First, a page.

Apparently I dozed off on that bus trip because when I got off at the next stop we were in Hollywood. I was getting a little hungry, which seemed a shame, having left all that food at the preserve, so I found a hot dog stand. I ordered one hot dog and got out my wallet. The lady told me that would be ten dollars. I told her I think she misunderstood and said I just wanted one dog. She said she heard me the first time and it was still $10. Now I had noticed early on that many of the people here didn’t talk like me, I suspect many were from somewhere east of the Tallapoosa, so I insisted one more time that we were not understanding one another and that I needed a single frank. Apparently that angered her all the more because she jacked the price up to twelve dollars so I dropped the ten down on the cart and took my lunch. I suppose that the fact that these folks won’t eat any of the abundance of meat they had over at the preserve had caused a scarcity of food which in turn drove up lunch prices. I wandered around the place for a while and then I saw something I had only heard about in barber shops and gas stations in the mornings. There, walking right through the middle of Hollywood, was a Sasquatch. I knew this could be trouble because nobody anywhere around this place had a rifle and I had even had to relenquish my trusty pocketknife. I knew I didn’t want to get close to it, especially if it was hungry, so I picked out the slower looking people around me that I would need to outrun if he charged. But then I noticed something even more peculiar. People were taking their picture with this creature. Not only did they have a Sasquatch right here in California (I figure he came down from Yosemite), these folks had tamed the thing. It was at this point that I decided maybe I should get back to Florida because this was a little more than I could take. I found some buses lining up and began to try and find one back to the Sunshine State. The first driver assured me I was in Florida so I moved on to the next, assuming that I had run into the language barrier again. I eventually found one that said Magic Kingdom on the front and I thought, why not, I had already seen a cow with no hair and a Sasquatch so why not a little more magic.
On the way to the kingdom I spotted another oddity. I saw the biggest golf ball in the world. Now I could only laugh at whoever made this because even if you could build a club big enough to hit it, who in the world, besides maybe the California Yeti, could swing the thing. Common sense is lacking all over. The bus stopped later and they pointed me right up Main Street. In the distance I could see where everyone was headed. It was the Big House. I followed along for a while but I got sidetracked, which happens to me a lot, by an incredible sight. There, walking down that street, was the biggest rat I have ever seen. He was just a waving and laughing and carrying on and would you believe folks were getting their photos with him as well. I thought then that I had seen it all but directly there came up behind me a huge duck. To top that he seemed to be a bit of a smart aleck. I figured these animals had gotten that large because of the no-hunting thing going on around there. I walked on toward the Big House and I kept noticing frilly girls that people kept lining up to see. I am not sure why folks were so impressed because I could tell by looking at them that they couldn’t cook. It was then that I decided that maybe the Big House was gonna be a bit too fancy for me so I took the next trail I came to and walked that way for a while. I found another line and got in it because I had learned that all these lines had some odd things at the other end. I went inside the biggest barn I had ever seen. I kept walking up so I suspect I reached the loft. It was dark so I really wasn’t sure what was going on. I reached a platform and about that time some kind of cart came rolling up. A kid standing on the platform told me to get in the cart and to take off my hat. I thought on it a minute and decided that this must be some high-tech way to get the hay into the loft of that barn. I told the boy I wasn’t looking for work and that I just wanted to get out of that barn as fast as I could. He assured me that the hay hauler was the quickest way out. I got in and we started rolling and then some lights flashed. Friend, what happened next I cannot explain. I was launched into the darkness on that hay lift and screamed for my life to be spared. My next thought was how in the world are we gonna stop this thing. We juked and turned all the way down that barn until finally I saw light again. We came to a stop and another kid told me to get out of the cart and to have a nice day. I told him that I had not felt like that since I smoked too much rabbit tobacco in the fifth grade and that his momma should tear his tail up for scaring folks like that. I saw daylight, which I assumed was the barn door, and headed out into the street. I immediately found a bus to take me back to where I was staying and vowed to never return to this kingdom again.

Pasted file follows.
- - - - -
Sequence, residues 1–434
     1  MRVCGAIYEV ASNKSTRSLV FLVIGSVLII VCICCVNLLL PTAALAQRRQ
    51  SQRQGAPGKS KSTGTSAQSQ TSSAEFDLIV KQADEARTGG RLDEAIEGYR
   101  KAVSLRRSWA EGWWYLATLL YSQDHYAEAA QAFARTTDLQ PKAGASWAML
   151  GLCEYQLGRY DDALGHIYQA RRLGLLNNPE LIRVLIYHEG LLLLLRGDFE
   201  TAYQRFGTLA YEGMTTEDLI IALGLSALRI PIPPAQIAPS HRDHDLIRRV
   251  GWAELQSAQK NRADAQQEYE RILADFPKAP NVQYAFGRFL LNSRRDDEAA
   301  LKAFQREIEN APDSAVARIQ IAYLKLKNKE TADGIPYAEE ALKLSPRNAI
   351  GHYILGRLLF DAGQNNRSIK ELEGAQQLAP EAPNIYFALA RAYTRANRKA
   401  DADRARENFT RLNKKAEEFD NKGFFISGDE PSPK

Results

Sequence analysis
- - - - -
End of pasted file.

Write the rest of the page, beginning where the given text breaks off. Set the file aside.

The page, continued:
This tale may be stretched just a tad. I have found that the more places I go the more I realize that people just see things different. Perspective is something to consider when you get away from home. I have found that some people love to do things I do not and that some people abhor the things I love and that’s all right. Customs and traditions vary and people are different past the hills of home. One thing I did notice though, no matter what the skin color or language, was the sparkle in the children’s eyes when they saw that big rat or those frilly girls. I even saw some teenage kids brighten up a little. The magic of youth and the dreams of children are universal and I love it when a little of that stirs up in me. I hope I never grow up.